Last week the U.S. Centers for Disease Control and Prevention (CDC) and the American College of Physicians (ACP) released new recommendations for hepatitis B virus screening, vaccination and care in the United States. The paper, which was recently published in the Annals of Internal Medicine, argues that HBV should be a national public health priority and calls for a major ramp-up of vaccinations across the country, Medical Xpress reports.

Moving forward, ACP and the CDC are advising American doctors to inoculate all adults who have not been vaccinated against hepatitis B, including pregnant women, health care and public safety workers, adults with chronic liver disease, people living with HIV, travelers to HBV-endemic regions and anyone who asks for it. 

According to the public health analysts who authored the report, the majority of American adults at risk for or infected with hepatitis B across the country are still not getting screened, vaccinated or linked to care. In fact, it is estimated that two out of three people chronically infected with HBV in this country are currently unaware of their infection.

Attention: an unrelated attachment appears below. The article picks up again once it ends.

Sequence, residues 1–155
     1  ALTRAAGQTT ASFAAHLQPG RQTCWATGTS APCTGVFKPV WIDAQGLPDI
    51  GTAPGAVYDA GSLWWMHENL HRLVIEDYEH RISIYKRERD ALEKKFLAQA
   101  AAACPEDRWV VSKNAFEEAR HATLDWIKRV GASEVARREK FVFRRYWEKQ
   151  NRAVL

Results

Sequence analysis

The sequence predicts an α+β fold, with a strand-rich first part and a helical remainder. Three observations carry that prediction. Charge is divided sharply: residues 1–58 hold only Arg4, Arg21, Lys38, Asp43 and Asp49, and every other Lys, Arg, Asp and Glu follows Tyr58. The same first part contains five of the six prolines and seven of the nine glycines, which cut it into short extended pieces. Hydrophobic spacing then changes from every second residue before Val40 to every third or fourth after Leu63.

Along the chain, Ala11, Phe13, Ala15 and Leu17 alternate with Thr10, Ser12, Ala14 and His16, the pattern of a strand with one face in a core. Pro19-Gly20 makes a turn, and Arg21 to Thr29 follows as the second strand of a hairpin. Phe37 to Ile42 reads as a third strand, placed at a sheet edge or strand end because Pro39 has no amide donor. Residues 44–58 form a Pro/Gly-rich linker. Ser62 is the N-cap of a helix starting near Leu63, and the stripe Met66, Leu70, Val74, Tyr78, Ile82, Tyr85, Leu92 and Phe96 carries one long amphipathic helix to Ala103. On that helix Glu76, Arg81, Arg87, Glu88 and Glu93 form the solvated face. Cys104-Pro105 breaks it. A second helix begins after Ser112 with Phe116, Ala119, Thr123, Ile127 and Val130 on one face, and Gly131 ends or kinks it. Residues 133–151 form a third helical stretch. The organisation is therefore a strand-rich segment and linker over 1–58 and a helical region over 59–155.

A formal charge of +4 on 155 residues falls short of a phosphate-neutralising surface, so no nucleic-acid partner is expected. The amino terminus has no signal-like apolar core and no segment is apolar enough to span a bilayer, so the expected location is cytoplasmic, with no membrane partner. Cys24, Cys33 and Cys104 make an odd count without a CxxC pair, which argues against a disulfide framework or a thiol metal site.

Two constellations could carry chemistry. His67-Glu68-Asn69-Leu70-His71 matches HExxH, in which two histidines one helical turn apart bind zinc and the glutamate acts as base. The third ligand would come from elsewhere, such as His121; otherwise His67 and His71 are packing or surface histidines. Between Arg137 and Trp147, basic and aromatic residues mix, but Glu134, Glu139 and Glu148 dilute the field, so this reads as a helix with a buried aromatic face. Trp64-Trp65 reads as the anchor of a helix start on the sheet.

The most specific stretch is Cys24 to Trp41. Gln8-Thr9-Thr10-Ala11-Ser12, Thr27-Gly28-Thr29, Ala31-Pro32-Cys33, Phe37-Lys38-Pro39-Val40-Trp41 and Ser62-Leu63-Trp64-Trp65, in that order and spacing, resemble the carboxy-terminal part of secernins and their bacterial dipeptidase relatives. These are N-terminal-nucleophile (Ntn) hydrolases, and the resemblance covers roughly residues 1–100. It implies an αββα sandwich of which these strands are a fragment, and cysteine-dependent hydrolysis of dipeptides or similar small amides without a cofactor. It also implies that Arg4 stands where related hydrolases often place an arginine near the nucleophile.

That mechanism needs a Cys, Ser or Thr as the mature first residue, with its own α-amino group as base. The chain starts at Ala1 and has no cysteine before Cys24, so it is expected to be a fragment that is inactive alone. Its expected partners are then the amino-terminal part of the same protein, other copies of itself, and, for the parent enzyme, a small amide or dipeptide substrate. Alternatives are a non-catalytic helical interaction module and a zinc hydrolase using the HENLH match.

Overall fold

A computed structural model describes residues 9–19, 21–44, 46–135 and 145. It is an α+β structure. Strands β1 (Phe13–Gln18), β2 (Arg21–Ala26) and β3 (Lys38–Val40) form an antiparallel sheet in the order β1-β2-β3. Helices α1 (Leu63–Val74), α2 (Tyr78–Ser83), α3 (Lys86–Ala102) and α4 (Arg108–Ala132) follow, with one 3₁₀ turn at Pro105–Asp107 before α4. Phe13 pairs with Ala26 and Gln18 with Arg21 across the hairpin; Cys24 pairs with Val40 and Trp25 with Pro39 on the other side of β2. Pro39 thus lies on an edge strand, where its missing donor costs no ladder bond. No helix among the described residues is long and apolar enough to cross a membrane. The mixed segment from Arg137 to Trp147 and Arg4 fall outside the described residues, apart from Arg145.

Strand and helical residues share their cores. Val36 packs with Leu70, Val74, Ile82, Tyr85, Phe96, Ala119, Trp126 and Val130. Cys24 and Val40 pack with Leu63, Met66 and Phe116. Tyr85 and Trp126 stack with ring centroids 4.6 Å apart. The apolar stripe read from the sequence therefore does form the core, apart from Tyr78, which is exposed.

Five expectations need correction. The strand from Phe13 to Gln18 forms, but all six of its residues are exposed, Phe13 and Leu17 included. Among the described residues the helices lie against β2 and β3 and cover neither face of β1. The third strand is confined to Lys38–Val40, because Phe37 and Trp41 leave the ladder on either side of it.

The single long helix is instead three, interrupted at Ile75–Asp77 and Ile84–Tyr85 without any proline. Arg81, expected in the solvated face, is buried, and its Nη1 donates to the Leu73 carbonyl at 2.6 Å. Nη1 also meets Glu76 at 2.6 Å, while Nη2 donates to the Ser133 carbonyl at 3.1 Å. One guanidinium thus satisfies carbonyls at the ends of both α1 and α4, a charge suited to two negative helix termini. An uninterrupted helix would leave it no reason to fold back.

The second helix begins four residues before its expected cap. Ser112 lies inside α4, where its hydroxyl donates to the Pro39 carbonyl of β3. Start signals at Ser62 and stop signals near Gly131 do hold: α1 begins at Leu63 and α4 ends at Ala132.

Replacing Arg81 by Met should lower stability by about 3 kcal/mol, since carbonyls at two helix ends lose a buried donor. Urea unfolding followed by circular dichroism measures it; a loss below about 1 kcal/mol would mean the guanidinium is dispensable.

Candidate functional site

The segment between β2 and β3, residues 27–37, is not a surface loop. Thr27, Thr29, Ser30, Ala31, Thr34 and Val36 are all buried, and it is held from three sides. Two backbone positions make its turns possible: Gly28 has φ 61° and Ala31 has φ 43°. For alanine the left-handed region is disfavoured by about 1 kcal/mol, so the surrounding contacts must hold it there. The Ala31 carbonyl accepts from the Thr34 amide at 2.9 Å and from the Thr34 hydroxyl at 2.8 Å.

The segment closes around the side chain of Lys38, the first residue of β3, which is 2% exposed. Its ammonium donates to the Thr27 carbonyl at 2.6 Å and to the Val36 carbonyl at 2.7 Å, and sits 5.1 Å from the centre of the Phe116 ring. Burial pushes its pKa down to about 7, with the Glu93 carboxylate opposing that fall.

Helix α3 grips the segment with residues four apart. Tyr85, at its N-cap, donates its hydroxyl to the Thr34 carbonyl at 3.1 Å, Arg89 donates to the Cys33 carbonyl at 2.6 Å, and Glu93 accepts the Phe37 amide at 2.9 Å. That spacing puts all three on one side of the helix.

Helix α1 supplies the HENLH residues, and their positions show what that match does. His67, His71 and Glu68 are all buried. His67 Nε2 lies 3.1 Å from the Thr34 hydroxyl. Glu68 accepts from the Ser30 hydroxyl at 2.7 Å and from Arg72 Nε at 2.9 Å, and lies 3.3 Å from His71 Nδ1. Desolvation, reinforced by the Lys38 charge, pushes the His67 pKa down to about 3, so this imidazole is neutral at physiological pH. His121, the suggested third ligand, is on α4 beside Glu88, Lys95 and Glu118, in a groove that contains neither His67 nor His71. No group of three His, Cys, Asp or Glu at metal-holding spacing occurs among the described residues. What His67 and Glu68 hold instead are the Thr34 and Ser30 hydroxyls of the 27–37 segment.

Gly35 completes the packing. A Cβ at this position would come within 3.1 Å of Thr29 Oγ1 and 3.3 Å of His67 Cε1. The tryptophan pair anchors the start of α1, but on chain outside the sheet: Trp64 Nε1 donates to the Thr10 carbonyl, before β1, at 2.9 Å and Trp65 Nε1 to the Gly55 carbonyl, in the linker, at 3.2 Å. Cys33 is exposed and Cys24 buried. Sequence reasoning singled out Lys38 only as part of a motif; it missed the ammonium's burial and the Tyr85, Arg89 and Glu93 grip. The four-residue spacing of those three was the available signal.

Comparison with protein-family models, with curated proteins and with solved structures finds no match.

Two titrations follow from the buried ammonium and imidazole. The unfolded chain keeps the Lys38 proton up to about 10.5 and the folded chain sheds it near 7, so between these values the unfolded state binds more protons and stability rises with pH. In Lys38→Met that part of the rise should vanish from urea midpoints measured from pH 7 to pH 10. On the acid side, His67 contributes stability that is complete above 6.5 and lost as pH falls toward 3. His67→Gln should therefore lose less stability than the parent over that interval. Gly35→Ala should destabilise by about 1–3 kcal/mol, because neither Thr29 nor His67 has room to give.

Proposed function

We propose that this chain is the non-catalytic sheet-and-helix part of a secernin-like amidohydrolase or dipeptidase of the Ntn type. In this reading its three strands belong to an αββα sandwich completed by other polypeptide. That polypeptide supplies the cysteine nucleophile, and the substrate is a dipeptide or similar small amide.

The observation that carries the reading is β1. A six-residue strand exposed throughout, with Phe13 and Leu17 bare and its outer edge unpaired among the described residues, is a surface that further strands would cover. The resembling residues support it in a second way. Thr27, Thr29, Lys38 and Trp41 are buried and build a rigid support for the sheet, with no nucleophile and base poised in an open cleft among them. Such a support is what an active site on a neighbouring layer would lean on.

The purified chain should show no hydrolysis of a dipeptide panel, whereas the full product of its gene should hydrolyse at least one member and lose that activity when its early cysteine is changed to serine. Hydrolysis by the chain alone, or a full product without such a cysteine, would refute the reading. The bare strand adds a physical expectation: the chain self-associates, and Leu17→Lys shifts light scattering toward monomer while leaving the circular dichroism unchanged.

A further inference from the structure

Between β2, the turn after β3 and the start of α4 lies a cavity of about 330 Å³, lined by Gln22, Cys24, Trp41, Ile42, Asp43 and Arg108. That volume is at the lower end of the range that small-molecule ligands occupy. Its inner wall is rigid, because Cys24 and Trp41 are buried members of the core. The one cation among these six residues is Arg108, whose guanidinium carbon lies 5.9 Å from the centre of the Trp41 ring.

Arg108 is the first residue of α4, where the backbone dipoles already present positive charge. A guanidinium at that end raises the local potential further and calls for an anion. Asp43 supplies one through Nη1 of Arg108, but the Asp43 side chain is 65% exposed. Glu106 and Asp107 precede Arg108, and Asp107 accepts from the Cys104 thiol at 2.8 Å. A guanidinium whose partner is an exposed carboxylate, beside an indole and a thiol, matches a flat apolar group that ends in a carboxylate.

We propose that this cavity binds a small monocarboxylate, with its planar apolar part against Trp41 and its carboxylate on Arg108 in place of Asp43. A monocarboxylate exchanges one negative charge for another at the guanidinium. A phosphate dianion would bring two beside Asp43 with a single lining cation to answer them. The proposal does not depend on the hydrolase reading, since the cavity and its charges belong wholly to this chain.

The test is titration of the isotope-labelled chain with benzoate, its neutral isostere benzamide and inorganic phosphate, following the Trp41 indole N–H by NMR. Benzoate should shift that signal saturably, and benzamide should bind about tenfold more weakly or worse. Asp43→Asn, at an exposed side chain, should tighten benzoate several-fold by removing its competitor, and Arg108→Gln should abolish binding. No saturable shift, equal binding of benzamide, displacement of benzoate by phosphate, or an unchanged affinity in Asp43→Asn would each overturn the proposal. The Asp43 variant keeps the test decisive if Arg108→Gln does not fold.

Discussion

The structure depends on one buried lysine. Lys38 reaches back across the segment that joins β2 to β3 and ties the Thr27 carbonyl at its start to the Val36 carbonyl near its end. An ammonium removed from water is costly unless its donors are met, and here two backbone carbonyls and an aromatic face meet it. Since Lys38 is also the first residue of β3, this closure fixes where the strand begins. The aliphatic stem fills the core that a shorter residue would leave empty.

ACP and the CDC are also advising physicians to screen for HBV among certain high-risk groups, including people born in countries with a 2 percent or higher hepatitis B prevalence (including many countries in Asia and Africa), men who have sex with men, people who inject drugs, people living with hepatitis C virus (HCV), incarcerated people and people with end-stage renal disease.

In addition, the new guidelines advise doctors to provide or refer all patients who test positive for hepatitis B to post-test counseling and hepatitis B–specific care. Those who test positive for HBV should also be routinely evaluated through their medical history and regular physical exams for hepatocellular carcinoma, the most common form of HBV-related liver cancer, as well as their eligibility for hepatitis B treatment.